The derivative of the Bezier curve with respect to the value ‘t’is

From  which  it  can  be  finished  that  the  tangents  to  the  curve  at P0  and P2  intersect  at P1.  While


‘t’increases from zero to one, the curve departs from P0 in the direction of P1, then turns to land at P2 from the direction of P1.


The following equation is a second derivative of the Bezier curve with respect to ‘t’:

A quadratic Bezier curve is represent a  parabolic segment. Since a parabola curve is a conic section, a few sources refer to quadratic Beziers as ‘conic arcs’.


(iii) Cubic Bezier curves


As shown in figure 2.7, four control points P0, P1, P2 and P3 in the higher-dimensional space describe as a Cubic Bezier curve. The curve begins at P0 going on the way to P1 and reaches at P3 coming from the direction of P2. Typically, it will not pass through control points P1 / P2, these points are only there to give directional data. The distance between P0 and P1 determines ‘how fast’and ‘how far’the curve travels towards P1 before turning towards P2.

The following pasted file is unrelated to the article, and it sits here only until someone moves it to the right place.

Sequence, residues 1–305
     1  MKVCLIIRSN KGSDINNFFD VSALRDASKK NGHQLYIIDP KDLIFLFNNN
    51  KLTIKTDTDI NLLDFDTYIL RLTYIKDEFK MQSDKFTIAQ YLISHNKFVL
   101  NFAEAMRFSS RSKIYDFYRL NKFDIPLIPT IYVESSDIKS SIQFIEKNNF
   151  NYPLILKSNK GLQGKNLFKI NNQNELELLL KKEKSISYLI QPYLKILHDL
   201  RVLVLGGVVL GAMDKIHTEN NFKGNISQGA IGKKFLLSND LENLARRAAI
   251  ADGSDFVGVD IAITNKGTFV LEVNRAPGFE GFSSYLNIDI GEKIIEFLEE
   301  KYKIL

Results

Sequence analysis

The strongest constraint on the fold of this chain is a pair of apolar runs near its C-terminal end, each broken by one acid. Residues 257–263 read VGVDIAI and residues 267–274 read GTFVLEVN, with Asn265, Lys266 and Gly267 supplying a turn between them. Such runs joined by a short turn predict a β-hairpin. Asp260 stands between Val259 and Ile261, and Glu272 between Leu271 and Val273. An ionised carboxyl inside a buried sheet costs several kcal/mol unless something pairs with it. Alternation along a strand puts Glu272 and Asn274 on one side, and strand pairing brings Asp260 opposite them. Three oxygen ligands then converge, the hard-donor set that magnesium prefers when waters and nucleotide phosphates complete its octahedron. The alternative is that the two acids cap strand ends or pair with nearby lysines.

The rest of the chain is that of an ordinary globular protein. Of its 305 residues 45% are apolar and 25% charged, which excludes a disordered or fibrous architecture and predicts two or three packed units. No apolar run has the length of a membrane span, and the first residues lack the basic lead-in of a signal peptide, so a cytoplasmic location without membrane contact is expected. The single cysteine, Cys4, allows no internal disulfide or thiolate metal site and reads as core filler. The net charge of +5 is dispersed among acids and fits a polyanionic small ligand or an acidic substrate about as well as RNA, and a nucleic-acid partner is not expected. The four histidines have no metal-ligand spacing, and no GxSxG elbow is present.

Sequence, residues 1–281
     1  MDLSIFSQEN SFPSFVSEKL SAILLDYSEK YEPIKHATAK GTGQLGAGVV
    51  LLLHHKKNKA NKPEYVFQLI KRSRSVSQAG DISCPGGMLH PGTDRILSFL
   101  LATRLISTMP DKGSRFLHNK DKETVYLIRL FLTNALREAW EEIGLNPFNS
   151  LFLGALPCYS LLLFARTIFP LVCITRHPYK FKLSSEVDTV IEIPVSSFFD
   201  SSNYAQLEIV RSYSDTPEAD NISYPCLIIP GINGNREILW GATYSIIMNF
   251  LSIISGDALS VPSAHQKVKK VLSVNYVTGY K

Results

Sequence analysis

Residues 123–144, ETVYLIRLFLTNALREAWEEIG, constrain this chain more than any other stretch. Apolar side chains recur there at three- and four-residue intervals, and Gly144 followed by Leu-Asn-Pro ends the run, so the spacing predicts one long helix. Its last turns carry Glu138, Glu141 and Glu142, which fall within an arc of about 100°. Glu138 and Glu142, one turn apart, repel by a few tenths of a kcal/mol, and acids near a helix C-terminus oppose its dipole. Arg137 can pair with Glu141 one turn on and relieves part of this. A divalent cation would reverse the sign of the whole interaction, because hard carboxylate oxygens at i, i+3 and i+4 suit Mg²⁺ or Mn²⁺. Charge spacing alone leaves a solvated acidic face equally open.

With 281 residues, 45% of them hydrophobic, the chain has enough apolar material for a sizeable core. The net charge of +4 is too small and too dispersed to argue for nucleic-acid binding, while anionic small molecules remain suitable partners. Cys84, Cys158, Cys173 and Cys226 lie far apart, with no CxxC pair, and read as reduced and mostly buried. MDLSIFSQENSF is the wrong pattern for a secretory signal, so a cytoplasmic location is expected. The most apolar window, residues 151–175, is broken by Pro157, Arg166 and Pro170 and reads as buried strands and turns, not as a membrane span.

Fig.2.7. Cubic Bezier curve


The function B Pi, Pj, Pk (t) for the quadratic Bezier curve written by points Pi, Pj, and Pk, the cubic Bezier curve can be described as a linear blending of two quadratic Bezier curves:

For several choices of P1  and P2  the Bezier curve may meet itself.


Any sequence of any four dissimilar points can be changed to a cubic Bezier curve that goes via all four points in order. Given the beginning and ending point of a few cubic Bezier curve, and the points beside the curve equivalent to t = 1/3 and t = 2/3, the control points for the original Bezier curve can be improved.


The following equation represent first derivative of the cubic Bezier curve with respect to t:

The following equation represent second derivative of the Bezier curve with respect to t:


1. Properties Bezier curve


·       The Bezier curve starts at P0  and ends at Pn; this is known as ‘endpoint interpolation’property.


·       The Bezier curve is a straight line when all the control points of a cure are collinear.


·       The beginning of the Bezier curve is tangent to the first portion of the Bezier polygon.


·       A Bezier curve can be divided at any point into two sub curves, each of which is also a Bezier curve.


·       A few curves that look like simple, such as the circle, cannot be expressed accurately by a Bezier; via four piece cubic Bezier curve can similar a circle, with a maximum radial error of less than one part in a thousand (Fig.2.8).